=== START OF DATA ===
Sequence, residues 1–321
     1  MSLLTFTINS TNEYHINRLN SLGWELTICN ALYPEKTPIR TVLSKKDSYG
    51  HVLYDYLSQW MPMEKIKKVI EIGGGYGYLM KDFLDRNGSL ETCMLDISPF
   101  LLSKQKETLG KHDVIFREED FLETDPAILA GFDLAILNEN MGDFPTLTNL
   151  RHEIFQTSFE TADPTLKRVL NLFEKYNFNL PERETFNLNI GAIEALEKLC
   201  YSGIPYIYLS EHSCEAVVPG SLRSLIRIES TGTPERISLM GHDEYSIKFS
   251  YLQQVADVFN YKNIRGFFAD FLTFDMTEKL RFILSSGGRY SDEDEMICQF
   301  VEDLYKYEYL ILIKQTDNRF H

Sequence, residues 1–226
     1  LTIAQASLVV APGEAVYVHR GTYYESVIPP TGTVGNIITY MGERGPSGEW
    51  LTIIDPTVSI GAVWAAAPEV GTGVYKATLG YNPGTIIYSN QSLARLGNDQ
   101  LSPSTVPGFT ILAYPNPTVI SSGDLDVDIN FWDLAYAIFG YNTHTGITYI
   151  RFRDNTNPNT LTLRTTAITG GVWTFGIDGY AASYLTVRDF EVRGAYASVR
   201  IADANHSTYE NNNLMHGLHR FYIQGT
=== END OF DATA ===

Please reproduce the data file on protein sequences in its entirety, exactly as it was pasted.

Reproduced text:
Sequence, residues 1–321
     1  MSLLTFTINS TNEYHINRLN SLGWELTICN ALYPEKTPIR TVLSKKDSYG
    51  HVLYDYLSQW MPMEKIKKVI EIGGGYGYLM KDFLDRNGSL ETCMLDISPF
   101  LLSKQKETLG KHDVIFREED FLETDPAILA GFDLAILNEN MGDFPTLTNL
   151  RHEIFQTSFE TADPTLKRVL NLFEKYNFNL PERETFNLNI GAIEALEKLC
   201  YSGIPYIYLS EHSCEAVVPG SLRSLIRIES TGTPERISLM GHDEYSIKFS
   251  YLQQVADVFN YKNIRGFFAD FLTFDMTEKL RFILSSGGRY SDEDEMICQF
   301  VEDLYKYEYL ILIKQTDNRF H

Sequence, residues 1–226
     1  LTIAQASLVV APGEAVYVHR GTYYESVIPP TGTVGNIITY MGERGPSGEW
    51  LTIIDPTVSI GAVWAAAPEV GTGVYKATLG YNPGTIIYSN QSLARLGNDQ
   101  LSPSTVPGFT ILAYPNPTVI SSGDLDVDIN FWDLAYAIFG YNTHTGITYI
   151  RFRDNTNPNT LTLRTTAITG GVWTFGIDGY AASYLTVRDF EVRGAYASVR
   201  IADANHSTYE NNNLMHGLHR FYIQGT